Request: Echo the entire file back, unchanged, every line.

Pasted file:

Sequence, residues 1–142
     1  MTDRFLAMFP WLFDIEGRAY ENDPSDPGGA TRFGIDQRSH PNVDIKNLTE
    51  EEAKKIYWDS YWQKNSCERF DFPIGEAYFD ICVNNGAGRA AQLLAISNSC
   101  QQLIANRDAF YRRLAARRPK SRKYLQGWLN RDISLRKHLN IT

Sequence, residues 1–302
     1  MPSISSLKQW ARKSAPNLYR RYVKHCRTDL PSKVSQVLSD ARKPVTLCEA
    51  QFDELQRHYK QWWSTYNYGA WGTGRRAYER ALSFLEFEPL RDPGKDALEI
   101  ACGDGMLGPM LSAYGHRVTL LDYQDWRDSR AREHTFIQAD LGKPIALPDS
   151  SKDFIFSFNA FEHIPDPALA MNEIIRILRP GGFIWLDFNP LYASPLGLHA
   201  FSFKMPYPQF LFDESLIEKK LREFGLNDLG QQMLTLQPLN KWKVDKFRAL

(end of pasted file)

Sequence, residues 1–142
     1  MTDRFLAMFP WLFDIEGRAY ENDPSDPGGA TRFGIDQRSH PNVDIKNLTE
    51  EEAKKIYWDS YWQKNSCERF DFPIGEAYFD ICVNNGAGRA AQLLAISNSC
   101  QQLIANRDAF YRRLAARRPK SRKYLQGWLN RDISLRKHLN IT

Sequence, residues 1–302
     1  MPSISSLKQW ARKSAPNLYR RYVKHCRTDL PSKVSQVLSD ARKPVTLCEA
    51  QFDELQRHYK QWWSTYNYGA WGTGRRAYER ALSFLEFEPL RDPGKDALEI
   101  ACGDGMLGPM LSAYGHRVTL LDYQDWRDSR AREHTFIQAD LGKPIALPDS
   151  SKDFIFSFNA FEHIPDPALA MNEIIRILRP GGFIWLDFNP LYASPLGLHA
   201  FSFKMPYPQF LFDESLIEKK LREFGLNDLG QQMLTLQPLN KWKVDKFRAL